MFI: How long have you been involved with money funds? Klein: Richard Saperstein, Treasury Partners CIO, has been involved in the money markets since the 1980s. That's when he established and ran the Corporate Cash Management Group at Oppenheimer & Company. I joined him there in 1996. At the time, we were primarily focused on separately managed corporate accounts. In the '90s, many small- to mid-cap publicly traded companies were raising large stockpiles of cash, but didn't have the internal resources, meaning treasury departments, to manage that cash. So, Richard assembled a team and launched a platform that enabled companies to fully outsource their cash management requirements by providing investment policy compliance, credit monitoring and analysis, portfolio management, and FASB 115 reporting.
In addition to separately managed portfolios, we've always offered money market funds as an investment option for clients who want to maintain a liquid balance. In 2003, we joined Bear Stearns and built the Bear Stearns money market portal from scratch. After J.P. Morgan acquired Bear in 2008, we decided to spin out and regrouped under a new name, Treasury Partners, in early 2009.
MFI: How many funds are on your portal? Klein: We offer our Portal clients access to approximately 25 fund families representing 150 funds. Although we work primarily with publicly traded companies headquartered in the U.S., many of these clients have offshore subsidiaries that require multiple currencies, so funds are denominated in US Dollar, Euro, GBP, Canadian Dollar, Aussie, and Yen. The number of funds on the Portal has actually decreased slightly over the past five or six years as a result of consolidation in the industry.
MFI: What's the biggest challenge in getting investors onto the portal? Klein: Clearly, the biggest challenge is the interest rate environment. Understandably, when yields on money market funds are in the 0% range, corporate treasurers are spending appreciably less time on fixed income investments. MFI: What types of investors are the biggest users? Klein: We work primarily with corporations, but our client base also includes other types of investors, such as municipalities, hedge funds, and universities.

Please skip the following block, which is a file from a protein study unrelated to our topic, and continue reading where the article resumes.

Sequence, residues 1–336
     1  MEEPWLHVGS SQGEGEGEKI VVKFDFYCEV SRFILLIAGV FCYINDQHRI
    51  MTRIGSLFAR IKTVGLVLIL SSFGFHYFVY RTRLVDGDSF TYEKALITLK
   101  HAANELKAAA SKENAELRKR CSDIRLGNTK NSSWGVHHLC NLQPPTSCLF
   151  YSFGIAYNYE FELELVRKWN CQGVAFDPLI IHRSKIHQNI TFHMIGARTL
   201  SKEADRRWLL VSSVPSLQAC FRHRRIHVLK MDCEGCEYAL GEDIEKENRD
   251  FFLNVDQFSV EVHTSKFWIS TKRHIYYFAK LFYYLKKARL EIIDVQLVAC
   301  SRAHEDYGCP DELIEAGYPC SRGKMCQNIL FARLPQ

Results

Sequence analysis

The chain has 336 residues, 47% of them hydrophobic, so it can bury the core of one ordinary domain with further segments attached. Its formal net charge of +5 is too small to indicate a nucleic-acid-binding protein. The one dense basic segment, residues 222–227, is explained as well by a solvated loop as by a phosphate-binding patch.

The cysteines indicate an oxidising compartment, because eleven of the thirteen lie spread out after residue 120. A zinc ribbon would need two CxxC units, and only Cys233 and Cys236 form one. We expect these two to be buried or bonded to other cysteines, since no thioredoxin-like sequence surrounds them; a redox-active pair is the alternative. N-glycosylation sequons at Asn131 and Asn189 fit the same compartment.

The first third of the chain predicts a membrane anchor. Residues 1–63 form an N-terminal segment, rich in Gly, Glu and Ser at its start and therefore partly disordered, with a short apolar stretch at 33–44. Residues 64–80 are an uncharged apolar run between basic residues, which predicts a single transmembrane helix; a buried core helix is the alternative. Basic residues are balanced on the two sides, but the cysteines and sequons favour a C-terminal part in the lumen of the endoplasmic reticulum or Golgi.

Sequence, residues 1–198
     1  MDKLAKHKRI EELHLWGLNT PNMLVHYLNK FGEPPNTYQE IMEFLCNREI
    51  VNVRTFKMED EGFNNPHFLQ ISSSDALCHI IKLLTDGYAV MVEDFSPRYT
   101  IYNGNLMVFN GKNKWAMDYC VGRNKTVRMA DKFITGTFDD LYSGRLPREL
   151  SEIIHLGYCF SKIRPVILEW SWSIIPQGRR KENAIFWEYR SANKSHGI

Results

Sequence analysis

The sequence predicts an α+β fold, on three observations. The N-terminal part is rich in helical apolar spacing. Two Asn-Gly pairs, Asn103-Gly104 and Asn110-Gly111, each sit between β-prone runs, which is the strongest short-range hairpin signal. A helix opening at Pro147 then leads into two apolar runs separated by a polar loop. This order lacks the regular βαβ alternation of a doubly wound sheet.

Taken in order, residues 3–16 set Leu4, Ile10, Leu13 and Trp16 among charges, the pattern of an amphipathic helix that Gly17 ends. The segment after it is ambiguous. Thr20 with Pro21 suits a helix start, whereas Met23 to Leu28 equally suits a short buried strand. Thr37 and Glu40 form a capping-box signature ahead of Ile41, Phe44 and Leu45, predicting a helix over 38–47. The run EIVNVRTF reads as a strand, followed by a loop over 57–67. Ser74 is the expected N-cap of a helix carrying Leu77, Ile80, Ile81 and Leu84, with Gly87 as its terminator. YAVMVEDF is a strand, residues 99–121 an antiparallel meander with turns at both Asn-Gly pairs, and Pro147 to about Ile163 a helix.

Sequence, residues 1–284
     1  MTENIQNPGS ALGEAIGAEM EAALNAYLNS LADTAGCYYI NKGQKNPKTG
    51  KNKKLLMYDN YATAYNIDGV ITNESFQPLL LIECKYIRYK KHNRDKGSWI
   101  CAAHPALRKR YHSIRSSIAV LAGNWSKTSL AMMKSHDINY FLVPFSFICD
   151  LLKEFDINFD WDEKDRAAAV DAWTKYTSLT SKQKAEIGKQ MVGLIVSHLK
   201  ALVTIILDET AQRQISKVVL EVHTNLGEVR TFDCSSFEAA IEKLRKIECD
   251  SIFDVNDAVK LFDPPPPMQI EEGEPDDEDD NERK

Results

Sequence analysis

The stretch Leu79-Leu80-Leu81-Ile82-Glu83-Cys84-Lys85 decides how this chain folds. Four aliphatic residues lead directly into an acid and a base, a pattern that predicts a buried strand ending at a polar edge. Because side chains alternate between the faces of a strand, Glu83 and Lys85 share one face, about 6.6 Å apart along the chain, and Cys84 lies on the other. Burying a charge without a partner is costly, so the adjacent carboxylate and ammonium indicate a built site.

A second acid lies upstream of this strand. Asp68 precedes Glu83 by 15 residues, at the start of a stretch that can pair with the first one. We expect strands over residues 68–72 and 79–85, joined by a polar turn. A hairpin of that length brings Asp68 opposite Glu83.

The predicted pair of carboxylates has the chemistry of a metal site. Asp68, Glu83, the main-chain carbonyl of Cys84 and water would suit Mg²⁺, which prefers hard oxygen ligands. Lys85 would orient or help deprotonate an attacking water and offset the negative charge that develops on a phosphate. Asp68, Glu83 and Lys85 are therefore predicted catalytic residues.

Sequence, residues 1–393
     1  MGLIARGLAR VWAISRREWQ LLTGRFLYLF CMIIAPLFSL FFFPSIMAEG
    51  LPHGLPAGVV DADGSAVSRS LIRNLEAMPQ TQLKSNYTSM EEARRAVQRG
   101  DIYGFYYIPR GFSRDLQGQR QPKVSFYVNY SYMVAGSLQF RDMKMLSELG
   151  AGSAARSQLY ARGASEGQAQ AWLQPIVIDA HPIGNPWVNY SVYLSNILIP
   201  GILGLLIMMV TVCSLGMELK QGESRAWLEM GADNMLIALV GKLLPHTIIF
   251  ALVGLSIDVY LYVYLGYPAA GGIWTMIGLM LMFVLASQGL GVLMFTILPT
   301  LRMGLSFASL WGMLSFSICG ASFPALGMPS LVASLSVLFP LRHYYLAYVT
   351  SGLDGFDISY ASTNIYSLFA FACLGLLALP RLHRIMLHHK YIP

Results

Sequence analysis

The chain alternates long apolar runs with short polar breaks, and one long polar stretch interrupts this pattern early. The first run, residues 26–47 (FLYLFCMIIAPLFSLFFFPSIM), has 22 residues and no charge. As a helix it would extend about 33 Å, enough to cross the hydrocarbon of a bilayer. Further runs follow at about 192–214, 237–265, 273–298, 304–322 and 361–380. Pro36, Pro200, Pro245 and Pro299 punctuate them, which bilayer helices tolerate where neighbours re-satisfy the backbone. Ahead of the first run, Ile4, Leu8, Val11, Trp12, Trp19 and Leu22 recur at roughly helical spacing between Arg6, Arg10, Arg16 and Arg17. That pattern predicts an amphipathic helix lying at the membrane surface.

MFI: What are you working on now? Klein: Actually, we were quite busy during 2013 from a development standpoint. This past summer, we rolled out a mobile platform that enables clients to enter trades from their smart phones. And, clients who want to trade in a dual-user mode, can approve trades from their phones. We included this feature for clients who often had difficulty tracking down "approvers" as deadlines were approaching. Now, with the dual-user mode, senior people in the treasury department can approve a trade instantly, regardless of where they are or whatever else they might be involved in at the time.
We've also been working on a very significant upgrade to our investment policy compliance system, and we anticipate going live with this upgrade later this month. Among the new system's extensive capabilities, it will allow clients to run compliance rules down to the CUSIP-level holdings within the funds. For example, if a client has exposure to Citibank in a bank deposit, they may want to limit that exposure within their investment portfolio. So they'll be able to program a predetermined limit and, when they enter orders to purchase, let's say, a BlackRock or Goldman Sachs fund, the system will check the holdings in those funds and either allow the trade to go through or block it based on the underlying Citibank exposure. They can enter in similar restrictions on country exposures, asset classes, and other characteristics of money market funds. Ultimately, it will give our Portal clients much greater control over how their cash is actually invested within the funds.
The Investment Company Institute posted a new "Viewpoint" comment entitled, "ICI's New Data Release: Further Enhancing the Transparency of Money Market Funds." Written by Senior Economist Chris Plantier, it says, "The 2010 reforms to money market mutual funds greatly enhanced the transparency of these funds, giving regulators, analysts, and investors greater insight into important elements of funds' holdings and operations. The reforms required funds to disclose their entire portfolio holdings to the public on their company websites five business days after the end of each month. Money market funds also are required to file a more detailed disclosure -- SEC Form N-MFP -- with the Securities and Exchange Commission directly. The SEC releases this more detailed data to the public 60 days after it's filed. The SEC does not, however, summarize the data, leaving the public with no non-commercial access to a broad look at holdings across the industry." See the ICI's inaugural "Money Market Fund Holdings, December 2013" here. (Note: Crane Data also collects and publishes Money Fund Portfolio Holdings via our Money Fund Wisdom product.)